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Courses on death and dying helping to create conversation

Talking about death and dying is almost never easy, but it is becoming more common and more of a priority to many Australians, thanks to a growing number of resources and courses all focused on improving death literacy.

A course on death literacy is taking participants for the third year (Source: Shutterstock)
A course on death literacy is taking participants for the third year (Source: Shutterstock)

One of the courses proving popular as a kickstarter to the education and conversations of many Australians is Adelaide’s Flinders University’s ‘Dying2Learn’ course.

Enrollments and expressions of interest for the course, developed by a team of palliative care experts at the University under the Department of Health funded CareSearch program, are now open, following two previously successful years.

CareSearch Director and Flinders University researcher at the college of Nursing and Public Health, Professor Jennifer Tieman, says Dying2Learn offers “fantastic series of conversations”, adding that with Australia’s ageing population and corresponding increase in chronic diseases, the demand for such initiatives like this course, could keep rising.

“Being able to talk about death is important in normalising death as a part of life and being equipped to prepare for the end,” Professor Tieman explains.

“Dying2Learn is an innovation in online way of learning that shares key information on various issues about palliative care, death and dying.”

A recent analyses of the program’s first intake of participants in 2016, shows those taking part in the course felt “more comfortable talking about death and dying” after completing the course.

“People reflected on why we use euphemisms, how we create images of death and dying in art, literature and film, whether death is being medicalised, and how social media and technology is changing our view,” Professor Tieman says.

“Our evaluation of course responses were mostly favourable, with activity engagement indicating that people were interested and connected with the content.

“While most participants felt relatively comfortable talking about death and dying before they started, they were more comfortable at the end of the course.

“They also reported that they would recommend the course to others.”

She adds that the course filled up quickly in both 2016 and 2017 with Australian, UK, US, Canadian and New Zealand enrollments and has 1775 potential participants already registered for this year as well.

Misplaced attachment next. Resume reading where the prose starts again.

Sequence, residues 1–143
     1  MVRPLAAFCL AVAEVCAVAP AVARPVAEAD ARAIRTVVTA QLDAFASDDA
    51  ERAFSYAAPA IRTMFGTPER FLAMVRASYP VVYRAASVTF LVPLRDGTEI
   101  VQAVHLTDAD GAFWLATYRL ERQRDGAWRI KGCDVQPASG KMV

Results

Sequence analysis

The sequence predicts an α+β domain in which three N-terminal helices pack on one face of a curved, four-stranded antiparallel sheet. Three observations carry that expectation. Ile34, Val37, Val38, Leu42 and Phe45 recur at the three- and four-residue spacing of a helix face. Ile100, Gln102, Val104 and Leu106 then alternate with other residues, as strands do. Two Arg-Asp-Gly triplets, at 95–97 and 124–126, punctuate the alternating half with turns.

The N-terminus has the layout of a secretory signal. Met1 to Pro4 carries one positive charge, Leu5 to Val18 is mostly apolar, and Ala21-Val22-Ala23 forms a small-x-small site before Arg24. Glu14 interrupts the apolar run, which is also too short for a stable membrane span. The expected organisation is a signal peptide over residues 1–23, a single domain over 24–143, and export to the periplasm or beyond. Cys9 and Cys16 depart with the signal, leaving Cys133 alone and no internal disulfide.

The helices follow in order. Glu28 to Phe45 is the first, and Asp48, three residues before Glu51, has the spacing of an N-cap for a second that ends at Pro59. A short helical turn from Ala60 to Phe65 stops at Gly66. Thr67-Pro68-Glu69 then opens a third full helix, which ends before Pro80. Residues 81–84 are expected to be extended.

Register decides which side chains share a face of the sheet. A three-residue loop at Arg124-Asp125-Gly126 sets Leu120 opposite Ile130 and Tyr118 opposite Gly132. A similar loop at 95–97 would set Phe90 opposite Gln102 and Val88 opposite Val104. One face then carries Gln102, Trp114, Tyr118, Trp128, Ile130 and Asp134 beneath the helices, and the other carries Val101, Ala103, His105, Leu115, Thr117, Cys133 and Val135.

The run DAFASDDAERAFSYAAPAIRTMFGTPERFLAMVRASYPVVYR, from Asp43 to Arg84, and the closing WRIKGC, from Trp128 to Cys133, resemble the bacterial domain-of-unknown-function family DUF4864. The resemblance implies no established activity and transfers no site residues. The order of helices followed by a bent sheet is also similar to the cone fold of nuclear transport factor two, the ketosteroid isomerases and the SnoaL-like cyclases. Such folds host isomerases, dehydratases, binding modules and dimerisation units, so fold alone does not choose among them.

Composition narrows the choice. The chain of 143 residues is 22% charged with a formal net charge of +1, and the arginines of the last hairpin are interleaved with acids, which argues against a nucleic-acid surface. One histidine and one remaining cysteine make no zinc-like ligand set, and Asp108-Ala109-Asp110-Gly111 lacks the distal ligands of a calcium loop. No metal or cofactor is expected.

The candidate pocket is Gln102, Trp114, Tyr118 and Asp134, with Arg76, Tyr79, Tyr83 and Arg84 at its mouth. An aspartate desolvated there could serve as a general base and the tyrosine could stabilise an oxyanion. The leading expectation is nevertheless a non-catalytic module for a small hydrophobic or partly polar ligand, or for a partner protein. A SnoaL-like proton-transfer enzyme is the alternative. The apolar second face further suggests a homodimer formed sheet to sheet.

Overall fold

Palliative Care Australia has welcomed the third intake of course participants for Dying2Learn, with Chief Executive Officer (CEO) Liz Callaghan saying the national organisation is supportive of any initiative that encourages people to learn about end-of-life and palliative care, and more importantly discuss their wishes with their loved ones.

“People are very good at planning for things like retirement, superannuation and the like, but studies show that most don’t plan for their end-of-life care; they think that it’s something that is important to do, but put it off for a variety of reasons,” Ms Callaghan explains.

“We know that when people talk about their care wishes with their loved ones and health professionals, they are more likely to get the care they want if they can no longer speak for themselves.

“It’s important that all Australians plan for their end-of-life care, as everyone will one day die.

“It’s really important to have an advance care plan that outlines your wishes, and to discuss this document with your loved ones.”

Ms Callaghan says that this course, along with many other resources made available online have a range of benefits when it comes to those looking to become more ‘death literate’.

“The ability to learn together in a supportive environment online with experts in palliative care is a wonderful opportunity to learn more about the dying process and the care options you have.

“Palliative Care Australia’s Dying to Talk website also has resources to help people work out what matters most to them and assists them to start the conversation with their loved ones and health professionals.”

Registrations for Flinders University’s Dying2Learn course, which is set to run from 28 May to 9 July 2018, can be made online, with any questions or comments able to be sent to


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